As we pen this blog on Friday morning, the latest reports indicate that the tri-lateral talks that now involve Canada have reached a “tense” stage. Canadian Prime Minister Freeland and USTR head Lighthizer reportedly met four times Thursday that included a late-night session of candid discussion.
Thoughts for the Week- The Political Backdrop Trumps Free Market
Our Supply Chain Matters highlights and insights related to ongoing global trade and tariff developments have increasingly dwelled on the political backdrop because with each passing week, because the politics continue to out distance considerations for global supply chain business, product and capability realities.
Such notions continue to be expressed by influential media. A Tuesday editorial by the highly conservative editorial authors of The Wall Street Journal titled Half a Nafta, addressed the automotive industry impacts in-part with the following:
“This auto gambit is part of the Trump-Lighthizer strategy to blow-up global supply chains and is a political strategy to get a revised deal’s new labor provisions that go far to imposing U.S. style labor laws on Mexico.”
In its latest edition, the widely global read Economist Magazine penned its opinion article, America’s deal with Mexico will make NAFTA worse. The editorial began: “The deal looks good for America only through the distorting prism of the president’s mercantilism. And Mr. Trump is pursuing his trade agenda with a reckless bellicosity that makes a chaotic outcome more likely.”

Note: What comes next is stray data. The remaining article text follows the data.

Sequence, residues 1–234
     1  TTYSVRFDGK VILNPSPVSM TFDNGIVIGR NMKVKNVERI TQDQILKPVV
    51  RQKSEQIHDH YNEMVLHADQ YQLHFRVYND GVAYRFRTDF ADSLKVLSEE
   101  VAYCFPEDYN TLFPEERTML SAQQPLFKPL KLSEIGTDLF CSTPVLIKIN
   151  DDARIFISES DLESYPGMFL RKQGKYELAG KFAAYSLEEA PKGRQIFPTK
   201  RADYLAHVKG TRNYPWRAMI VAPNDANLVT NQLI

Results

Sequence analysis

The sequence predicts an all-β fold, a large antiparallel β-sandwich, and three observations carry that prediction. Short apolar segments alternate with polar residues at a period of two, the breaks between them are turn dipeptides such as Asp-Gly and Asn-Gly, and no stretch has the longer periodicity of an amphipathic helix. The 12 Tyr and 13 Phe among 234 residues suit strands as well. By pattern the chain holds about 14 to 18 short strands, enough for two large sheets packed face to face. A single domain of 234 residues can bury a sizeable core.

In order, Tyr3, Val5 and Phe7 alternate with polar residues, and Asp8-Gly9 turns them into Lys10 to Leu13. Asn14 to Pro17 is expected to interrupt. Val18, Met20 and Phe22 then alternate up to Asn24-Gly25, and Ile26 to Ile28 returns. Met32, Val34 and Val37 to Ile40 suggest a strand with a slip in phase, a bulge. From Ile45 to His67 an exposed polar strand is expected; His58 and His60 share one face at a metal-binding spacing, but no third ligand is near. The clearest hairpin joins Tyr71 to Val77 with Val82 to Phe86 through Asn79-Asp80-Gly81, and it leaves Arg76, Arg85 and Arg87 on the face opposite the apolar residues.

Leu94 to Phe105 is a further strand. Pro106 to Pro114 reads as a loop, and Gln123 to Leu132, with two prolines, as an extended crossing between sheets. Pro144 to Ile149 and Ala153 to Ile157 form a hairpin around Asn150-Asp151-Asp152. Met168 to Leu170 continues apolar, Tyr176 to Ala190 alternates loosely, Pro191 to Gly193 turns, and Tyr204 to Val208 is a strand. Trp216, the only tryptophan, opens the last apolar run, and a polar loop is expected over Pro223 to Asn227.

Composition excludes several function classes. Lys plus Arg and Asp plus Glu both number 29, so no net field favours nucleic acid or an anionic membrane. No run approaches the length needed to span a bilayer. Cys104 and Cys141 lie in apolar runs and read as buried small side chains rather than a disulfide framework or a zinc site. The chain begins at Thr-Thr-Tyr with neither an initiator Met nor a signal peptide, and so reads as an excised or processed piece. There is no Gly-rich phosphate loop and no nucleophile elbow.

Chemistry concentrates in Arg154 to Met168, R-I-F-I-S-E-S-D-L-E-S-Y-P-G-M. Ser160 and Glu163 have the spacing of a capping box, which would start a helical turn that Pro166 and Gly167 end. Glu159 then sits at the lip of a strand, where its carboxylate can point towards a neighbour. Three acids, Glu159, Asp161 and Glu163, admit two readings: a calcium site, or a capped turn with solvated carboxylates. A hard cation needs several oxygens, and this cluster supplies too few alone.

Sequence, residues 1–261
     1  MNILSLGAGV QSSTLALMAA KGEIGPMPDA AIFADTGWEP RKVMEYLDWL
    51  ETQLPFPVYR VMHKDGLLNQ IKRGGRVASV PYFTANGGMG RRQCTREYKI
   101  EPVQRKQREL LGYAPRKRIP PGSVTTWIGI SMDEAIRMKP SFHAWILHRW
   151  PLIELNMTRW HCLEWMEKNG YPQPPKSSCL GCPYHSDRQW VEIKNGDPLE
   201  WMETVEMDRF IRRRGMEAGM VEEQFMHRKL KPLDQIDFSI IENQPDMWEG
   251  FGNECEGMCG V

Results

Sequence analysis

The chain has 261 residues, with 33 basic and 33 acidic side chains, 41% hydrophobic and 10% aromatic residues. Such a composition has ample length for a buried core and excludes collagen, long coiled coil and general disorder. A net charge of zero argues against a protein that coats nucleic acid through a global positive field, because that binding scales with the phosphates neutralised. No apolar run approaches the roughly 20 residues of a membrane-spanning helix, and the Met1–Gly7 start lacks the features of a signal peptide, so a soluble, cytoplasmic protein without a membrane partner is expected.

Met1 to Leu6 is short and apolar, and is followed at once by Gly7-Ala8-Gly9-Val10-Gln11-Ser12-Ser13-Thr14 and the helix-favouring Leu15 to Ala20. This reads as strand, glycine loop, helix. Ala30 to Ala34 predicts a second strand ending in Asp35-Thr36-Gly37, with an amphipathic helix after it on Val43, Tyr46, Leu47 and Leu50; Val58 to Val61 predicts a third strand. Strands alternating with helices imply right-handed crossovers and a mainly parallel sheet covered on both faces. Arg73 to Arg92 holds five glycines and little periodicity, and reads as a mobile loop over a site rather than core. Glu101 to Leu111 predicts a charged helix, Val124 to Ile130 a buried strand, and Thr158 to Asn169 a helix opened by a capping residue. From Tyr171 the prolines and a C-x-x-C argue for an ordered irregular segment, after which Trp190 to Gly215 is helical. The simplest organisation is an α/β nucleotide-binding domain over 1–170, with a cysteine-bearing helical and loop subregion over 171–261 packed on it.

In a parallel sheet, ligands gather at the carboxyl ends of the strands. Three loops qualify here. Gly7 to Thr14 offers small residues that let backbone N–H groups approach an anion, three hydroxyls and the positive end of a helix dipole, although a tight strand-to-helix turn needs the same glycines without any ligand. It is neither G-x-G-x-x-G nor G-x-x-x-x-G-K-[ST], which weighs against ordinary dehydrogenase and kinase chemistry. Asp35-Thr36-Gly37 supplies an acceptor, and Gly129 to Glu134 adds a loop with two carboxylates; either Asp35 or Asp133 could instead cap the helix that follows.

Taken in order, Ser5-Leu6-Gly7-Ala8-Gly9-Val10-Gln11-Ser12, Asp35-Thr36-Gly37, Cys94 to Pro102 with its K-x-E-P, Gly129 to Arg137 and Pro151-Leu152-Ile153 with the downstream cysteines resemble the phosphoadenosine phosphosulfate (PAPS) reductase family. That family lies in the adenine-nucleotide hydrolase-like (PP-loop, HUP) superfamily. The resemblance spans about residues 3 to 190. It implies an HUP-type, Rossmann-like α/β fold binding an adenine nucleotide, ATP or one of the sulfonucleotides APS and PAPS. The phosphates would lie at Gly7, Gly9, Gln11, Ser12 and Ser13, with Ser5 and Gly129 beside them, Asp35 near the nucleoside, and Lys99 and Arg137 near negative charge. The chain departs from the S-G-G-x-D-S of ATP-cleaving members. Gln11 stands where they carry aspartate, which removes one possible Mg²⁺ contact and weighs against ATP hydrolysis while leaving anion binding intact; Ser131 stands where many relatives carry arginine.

Commenting on automotive revised content and labor content stipulations that are characterized as elevating arbitrary rules above the free market, the editorial comes on to state:
“The intention of his (Mr. Trump) agreement is clear: to shove firms into abandoning cross-border supply chains in favour of the safe-but-costly option of producing in America. Economic might is a weapon to be used in service of that goal.”
Other auto industry media point to increased conclusions that the current Trump Administration NAFTA trade policy stance is to reduce the China sourced leakage of component parts entering North America based supply networks.
This Week’s Reader Takeaways
So, it continues, political motivated actions, efforts to appease individual business, industry or labor groups are all a part of the political backdrop. What tends to be left behind are the realties that global supply chains have shifted their core capabilities and manufacturing efficiencies toward lower-cost regions. People can agree or disagree with the political implications of jobs, personal incomes, business presence or moralities of global-based supply chains.
In the end, everything has an economic and industry competitive consequence in either higher prices for products, muted innovation of products and processes, or overall product quality and durability.
Multi-industry supply chain teams will have to once again manage and respond to business change, regardless of the politics. The real challenge revolves around which supply chains have the agility and process flexibilities to be able to respond faster than the competition, however that is now defined to be.
Within our 2018 predictions regarding the ongoing Make America Great influenced trade agenda, was our belief that such an agenda will provide a challenging tactical and strategic landscape for U.S. manufacturer’s, retailers and supply chain services providers. We are now compelled to broaden our prediction to a global-based scope. Unless or until the political agenda moderates to the realities of what is required for global competitiveness, industry global supply chain impacts seem far more probable.
Final Note- Supply Chain Matters will provide an additional trade and tariff development commentary if the situation warrants in the coming weekend.